DOJ shifts, will allow local police to wear body cameras during operations with federal agents
The U.S. Department of Justice (DOJ) announced on Thursday that it will allow officers from local police departments to wear body cameras when assisting federal task forces.
The decision ends a ban on the use of body cameras by local police participating in joint efforts with such federal tasks forces. Federal officers will still not be allowed to wear body cameras, which have become more common to provide transparency on police actions.
The DOJ says it came to this decision after a pilot program launched last October.
“After spending a substantial amount of time examining this issue, assessing the results of the pilot program, and taking into account the interests and priorities of all the law enforcement agencies involved, I am pleased to announce that the department will permit the use of body-worn cameras on our federal task forces in specific circumstances,” Attorney General William Barr said in a press release announcing the change.
The Wall Street Journal reported that the change will allow officers to wear cameras during some arrests and while enforcing search warrants.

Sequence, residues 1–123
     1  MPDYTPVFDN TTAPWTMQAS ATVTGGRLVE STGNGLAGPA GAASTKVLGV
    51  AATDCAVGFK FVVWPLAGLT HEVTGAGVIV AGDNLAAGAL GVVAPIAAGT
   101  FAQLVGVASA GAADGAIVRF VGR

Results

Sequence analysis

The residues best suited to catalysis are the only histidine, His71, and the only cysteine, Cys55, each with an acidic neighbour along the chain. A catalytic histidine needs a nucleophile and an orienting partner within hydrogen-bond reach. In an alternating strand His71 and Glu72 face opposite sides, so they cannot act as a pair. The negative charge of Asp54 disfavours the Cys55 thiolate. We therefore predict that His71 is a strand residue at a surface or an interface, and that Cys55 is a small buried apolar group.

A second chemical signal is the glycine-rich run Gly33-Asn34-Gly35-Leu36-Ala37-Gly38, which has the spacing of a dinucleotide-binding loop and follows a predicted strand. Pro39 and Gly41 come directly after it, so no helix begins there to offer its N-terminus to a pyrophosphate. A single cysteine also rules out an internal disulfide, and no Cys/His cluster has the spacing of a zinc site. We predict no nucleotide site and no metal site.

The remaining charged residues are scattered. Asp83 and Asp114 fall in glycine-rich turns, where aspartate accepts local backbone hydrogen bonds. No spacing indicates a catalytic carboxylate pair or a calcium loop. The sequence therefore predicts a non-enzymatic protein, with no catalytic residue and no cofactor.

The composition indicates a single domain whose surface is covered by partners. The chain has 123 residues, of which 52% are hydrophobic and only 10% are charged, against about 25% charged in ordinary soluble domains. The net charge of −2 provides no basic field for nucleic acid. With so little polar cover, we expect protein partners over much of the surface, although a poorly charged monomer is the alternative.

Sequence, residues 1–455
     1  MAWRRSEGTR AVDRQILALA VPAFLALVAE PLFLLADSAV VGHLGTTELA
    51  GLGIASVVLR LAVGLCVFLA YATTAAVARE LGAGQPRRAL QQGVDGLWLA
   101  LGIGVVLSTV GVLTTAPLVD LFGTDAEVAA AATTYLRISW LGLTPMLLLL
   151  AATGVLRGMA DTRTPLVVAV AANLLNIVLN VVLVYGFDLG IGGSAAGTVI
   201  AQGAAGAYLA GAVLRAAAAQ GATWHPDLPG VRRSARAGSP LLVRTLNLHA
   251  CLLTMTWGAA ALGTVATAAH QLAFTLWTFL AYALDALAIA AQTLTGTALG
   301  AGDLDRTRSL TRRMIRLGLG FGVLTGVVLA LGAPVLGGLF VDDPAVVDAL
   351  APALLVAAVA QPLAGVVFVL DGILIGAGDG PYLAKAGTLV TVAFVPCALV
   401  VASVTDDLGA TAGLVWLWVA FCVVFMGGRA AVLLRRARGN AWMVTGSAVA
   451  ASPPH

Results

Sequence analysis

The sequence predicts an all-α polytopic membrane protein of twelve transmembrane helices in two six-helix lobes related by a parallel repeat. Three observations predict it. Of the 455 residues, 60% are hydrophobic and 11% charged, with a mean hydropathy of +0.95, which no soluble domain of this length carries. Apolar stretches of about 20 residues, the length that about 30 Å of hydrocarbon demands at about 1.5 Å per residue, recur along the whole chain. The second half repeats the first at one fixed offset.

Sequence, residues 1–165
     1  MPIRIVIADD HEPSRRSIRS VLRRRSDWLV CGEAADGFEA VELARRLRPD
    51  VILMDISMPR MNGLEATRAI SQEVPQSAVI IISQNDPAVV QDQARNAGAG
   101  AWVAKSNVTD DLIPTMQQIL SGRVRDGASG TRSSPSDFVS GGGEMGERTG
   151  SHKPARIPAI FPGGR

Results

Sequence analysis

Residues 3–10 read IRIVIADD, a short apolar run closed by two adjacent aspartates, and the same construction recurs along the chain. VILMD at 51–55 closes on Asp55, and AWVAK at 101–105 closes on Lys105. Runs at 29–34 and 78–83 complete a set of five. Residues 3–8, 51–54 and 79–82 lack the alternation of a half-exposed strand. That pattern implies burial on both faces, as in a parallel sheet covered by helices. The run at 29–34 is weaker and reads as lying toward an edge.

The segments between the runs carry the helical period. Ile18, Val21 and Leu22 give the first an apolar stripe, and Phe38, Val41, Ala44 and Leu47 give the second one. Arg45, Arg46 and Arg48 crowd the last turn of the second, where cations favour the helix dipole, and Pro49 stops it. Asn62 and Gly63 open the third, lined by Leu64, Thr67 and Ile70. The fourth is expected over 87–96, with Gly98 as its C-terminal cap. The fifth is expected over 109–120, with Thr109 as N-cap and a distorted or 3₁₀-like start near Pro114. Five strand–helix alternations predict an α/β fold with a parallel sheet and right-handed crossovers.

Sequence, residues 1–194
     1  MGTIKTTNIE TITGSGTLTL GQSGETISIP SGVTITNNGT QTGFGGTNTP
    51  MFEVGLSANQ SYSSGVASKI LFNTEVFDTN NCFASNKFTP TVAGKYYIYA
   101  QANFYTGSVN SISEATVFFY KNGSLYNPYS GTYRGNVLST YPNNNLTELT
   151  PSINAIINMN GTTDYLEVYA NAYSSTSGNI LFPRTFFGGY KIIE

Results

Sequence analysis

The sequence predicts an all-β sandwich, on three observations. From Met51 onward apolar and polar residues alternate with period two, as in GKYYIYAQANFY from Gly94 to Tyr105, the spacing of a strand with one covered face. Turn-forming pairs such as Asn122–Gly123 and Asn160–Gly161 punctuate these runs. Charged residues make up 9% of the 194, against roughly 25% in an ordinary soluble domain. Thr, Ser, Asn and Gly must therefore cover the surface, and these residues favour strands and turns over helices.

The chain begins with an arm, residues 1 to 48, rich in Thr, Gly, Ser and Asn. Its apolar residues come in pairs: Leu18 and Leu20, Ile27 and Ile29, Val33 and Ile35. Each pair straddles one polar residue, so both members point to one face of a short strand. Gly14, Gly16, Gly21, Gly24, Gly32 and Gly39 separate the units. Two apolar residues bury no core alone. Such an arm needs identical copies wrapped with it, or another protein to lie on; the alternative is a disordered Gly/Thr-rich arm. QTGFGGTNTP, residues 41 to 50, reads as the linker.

The pilot program had been used with police departments from Houston; Detroit; Wichita, Kan.; Salt Lake City; and Park City, Utah.
The federal police agencies who would be partnering with local forces would include the Drug Enforcement Administration and the U.S. Marshals Service.
Any recordings made during federal task force operations will be considered federal records, the department said when further explaining the new policy. Due to this, many recordings made by officers when assisting federal agents will be deemed privileged and unavailable to the public.
Calls for police to wear body cameras have increased as national attention has focused on shootings of Black and Hispanic people by police. Protests after the killing of George Floyd in Minneapolis over the summer increased momentum for police reforms, including calls for body cameras.